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Plate 1 - Bethlehem in Early Spring

It was a day I shall never forget. We arrived on the hill overlooking Bethlehem while it was yet dark. What would it have been like the day Jesus was born? Snowy, wintry paradigms would soon melt away with the rising of the sun.

The beautiful hillside was covered with new red poppies. The greens were vibrant and fresh. In the distance a donkey started braying and here and there a dog was barking. The rooster started crowing and the land began to awaken. Nearby a flock of bleating, spring lambs could be heard. The ancient wall before us seemed to frame old Bethlehem. The date was April 6th, the true birthday of Jesus.

Years later this would become the photograph of Bethlehem used in the Church's publication of the scriptures.
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Plate 2 - Poppies in Abundance

Jesus's mortal life was relatively short; his ministry was but forty-two months. During that significant period He spent a good portion of His time in the Galilee, a region of Israel that is mostly below sea level.

These bright red poppies were photographed in the Galilee in the heart of the places Jesus knew so well. Their vibrant color always reminds me of the blood of Christ and Him crucified.

They bring to mind one of my favorite passages from Isaiah: "For he shall grow up before him as a tender plant, and as a root out of a dry ground: he hath no form nor comeliness; and when we shall see him, there is no beauty that we should desire him. He is despised and rejected of men; a man of sorrows, and acquainted with grief: and we hid as it were our faces from him; he was despised, and we esteemed him not.

"Surely he hath borne our griefs, and carried our sorrows: yet we did esteem him stricken, smitten of God, and afflicted. But he was wounded for our transgressions, he was bruised for our iniquities: the chastisement of our peace was upon him; and with his stripes we are healed."
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Plate 3 - Poppy Mix Judean Wilderness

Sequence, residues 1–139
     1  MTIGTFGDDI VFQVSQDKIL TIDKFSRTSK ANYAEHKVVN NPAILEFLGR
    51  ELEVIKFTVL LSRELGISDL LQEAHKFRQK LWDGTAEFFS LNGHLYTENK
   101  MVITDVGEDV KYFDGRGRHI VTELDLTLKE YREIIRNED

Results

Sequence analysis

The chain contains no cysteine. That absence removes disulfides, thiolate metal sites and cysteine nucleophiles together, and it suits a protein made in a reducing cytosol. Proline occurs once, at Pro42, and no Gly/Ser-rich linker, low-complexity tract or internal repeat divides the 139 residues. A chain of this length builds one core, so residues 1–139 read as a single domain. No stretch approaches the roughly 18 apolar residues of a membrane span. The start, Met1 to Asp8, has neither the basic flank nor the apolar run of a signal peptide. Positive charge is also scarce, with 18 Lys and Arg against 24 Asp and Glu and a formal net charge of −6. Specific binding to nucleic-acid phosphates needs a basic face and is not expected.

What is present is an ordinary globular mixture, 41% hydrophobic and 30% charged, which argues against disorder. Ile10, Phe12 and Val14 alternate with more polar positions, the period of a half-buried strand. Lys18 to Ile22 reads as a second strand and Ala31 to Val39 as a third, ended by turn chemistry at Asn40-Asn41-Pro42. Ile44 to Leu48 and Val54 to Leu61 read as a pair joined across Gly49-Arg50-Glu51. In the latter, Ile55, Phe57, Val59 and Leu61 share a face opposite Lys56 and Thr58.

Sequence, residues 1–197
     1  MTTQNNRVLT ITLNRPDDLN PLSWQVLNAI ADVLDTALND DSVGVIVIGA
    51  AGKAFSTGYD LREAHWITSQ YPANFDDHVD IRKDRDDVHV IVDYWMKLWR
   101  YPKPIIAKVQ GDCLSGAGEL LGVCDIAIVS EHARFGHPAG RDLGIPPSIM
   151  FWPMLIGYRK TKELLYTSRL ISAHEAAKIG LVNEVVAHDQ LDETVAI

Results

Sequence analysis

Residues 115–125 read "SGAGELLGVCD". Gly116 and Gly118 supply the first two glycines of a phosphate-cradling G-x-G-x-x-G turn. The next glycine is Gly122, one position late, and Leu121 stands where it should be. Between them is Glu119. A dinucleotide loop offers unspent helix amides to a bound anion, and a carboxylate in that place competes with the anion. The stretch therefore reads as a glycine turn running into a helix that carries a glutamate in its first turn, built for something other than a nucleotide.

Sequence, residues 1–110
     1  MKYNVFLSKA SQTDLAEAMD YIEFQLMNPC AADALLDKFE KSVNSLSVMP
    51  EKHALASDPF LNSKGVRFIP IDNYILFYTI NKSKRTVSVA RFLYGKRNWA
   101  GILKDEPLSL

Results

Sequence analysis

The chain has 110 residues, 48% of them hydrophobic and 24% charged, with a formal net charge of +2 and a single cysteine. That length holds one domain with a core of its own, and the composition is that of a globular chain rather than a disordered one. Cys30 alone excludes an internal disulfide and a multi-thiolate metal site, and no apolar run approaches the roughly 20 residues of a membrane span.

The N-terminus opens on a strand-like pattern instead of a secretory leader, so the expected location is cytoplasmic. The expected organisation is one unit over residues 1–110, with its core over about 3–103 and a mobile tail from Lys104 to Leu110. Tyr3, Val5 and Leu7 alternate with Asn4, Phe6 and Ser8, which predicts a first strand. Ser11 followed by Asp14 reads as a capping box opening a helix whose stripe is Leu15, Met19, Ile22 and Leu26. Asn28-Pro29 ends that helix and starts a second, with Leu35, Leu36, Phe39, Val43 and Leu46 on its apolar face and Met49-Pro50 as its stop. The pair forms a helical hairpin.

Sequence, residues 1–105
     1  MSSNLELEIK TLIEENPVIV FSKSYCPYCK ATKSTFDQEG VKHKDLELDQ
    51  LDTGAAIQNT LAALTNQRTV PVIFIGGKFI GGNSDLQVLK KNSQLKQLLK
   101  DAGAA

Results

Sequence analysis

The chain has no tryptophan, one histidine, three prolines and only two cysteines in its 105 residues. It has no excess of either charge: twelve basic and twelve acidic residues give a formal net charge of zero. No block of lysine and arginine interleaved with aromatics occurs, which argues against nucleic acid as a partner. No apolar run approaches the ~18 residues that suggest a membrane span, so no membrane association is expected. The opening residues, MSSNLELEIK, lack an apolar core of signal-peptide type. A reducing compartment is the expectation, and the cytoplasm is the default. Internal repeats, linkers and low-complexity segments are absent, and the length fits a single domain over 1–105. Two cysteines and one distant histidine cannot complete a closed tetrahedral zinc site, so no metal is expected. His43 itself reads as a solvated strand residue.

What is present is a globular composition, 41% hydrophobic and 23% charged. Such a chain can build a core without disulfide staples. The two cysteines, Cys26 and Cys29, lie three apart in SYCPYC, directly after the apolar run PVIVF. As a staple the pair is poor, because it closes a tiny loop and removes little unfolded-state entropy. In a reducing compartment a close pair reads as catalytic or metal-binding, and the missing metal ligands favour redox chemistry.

This beautiful mix of a variety of flowers would brighten any home, but even more so to know where it was taken.

We spent 56 days on a Middle East photo shoot during Israel's wettest year in recorded history: 1992. Everything was different that year. The hillsides were green and covered with flowers even in the otherwise dry, desert locations.

This shot was taken in the wilderness of Judaea somewhere near the area where John the Baptist was preaching the gospel of repentance. "What went ye out into the wilderness to see? A reed shaken with the wind? But what went ye out for to see? A man clothed in soft raiment? behold, they that wear soft clothing are in kings’ houses.

"But what went ye out for to see? A prophet? yea, I say unto you, and more than a prophet. For this is he, of whom it is written, Behold, I send my messenger before thy face, which shall prepare thy way before thee."

We love the Lord because He can make of our dry, barren wilderness a fruitful garden.

I always pictured John preaching in an arid, desert place, but what if they had had a very wet year during his ministry?
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Plate 4 - Glorious Morning Hallelujah

No one knows for sure the actual tomb where Jesus Christ was resurrected, but this Garden Tomb, just outside the city walls of Jerusalem, certainly fits the description given in the scriptural accounts.

By special arrangements we were able to enter this sacred site long before sunrise one spring morning. It was amazing to carefully watch the early light as it began to change the colors and tones of the bedrock before us. I could not stop taking pictures. But then the morning rays began to filter through the trees as the sun rose from behind the Mount of Olives. It was within the first two minutes of that light this picture was captured.